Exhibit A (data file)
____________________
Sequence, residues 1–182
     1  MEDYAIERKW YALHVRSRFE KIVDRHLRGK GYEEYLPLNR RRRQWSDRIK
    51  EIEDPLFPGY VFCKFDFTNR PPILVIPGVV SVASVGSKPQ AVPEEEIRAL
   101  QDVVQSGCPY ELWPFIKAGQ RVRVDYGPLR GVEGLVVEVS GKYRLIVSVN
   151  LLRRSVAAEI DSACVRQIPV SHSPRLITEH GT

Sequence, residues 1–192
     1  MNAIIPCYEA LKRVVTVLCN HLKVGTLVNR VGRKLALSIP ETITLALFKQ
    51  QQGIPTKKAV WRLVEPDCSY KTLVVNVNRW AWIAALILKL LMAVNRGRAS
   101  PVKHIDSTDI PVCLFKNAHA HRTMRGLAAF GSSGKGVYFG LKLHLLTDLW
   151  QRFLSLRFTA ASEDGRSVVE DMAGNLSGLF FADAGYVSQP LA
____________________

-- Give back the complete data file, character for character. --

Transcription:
Sequence, residues 1–182
     1  MEDYAIERKW YALHVRSRFE KIVDRHLRGK GYEEYLPLNR RRRQWSDRIK
    51  EIEDPLFPGY VFCKFDFTNR PPILVIPGVV SVASVGSKPQ AVPEEEIRAL
   101  QDVVQSGCPY ELWPFIKAGQ RVRVDYGPLR GVEGLVVEVS GKYRLIVSVN
   151  LLRRSVAAEI DSACVRQIPV SHSPRLITEH GT

Sequence, residues 1–192
     1  MNAIIPCYEA LKRVVTVLCN HLKVGTLVNR VGRKLALSIP ETITLALFKQ
    51  QQGIPTKKAV WRLVEPDCSY KTLVVNVNRW AWIAALILKL LMAVNRGRAS
   101  PVKHIDSTDI PVCLFKNAHA HRTMRGLAAF GSSGKGVYFG LKLHLLTDLW
   151  QRFLSLRFTA ASEDGRSVVE DMAGNLSGLF FADAGYVSQP LA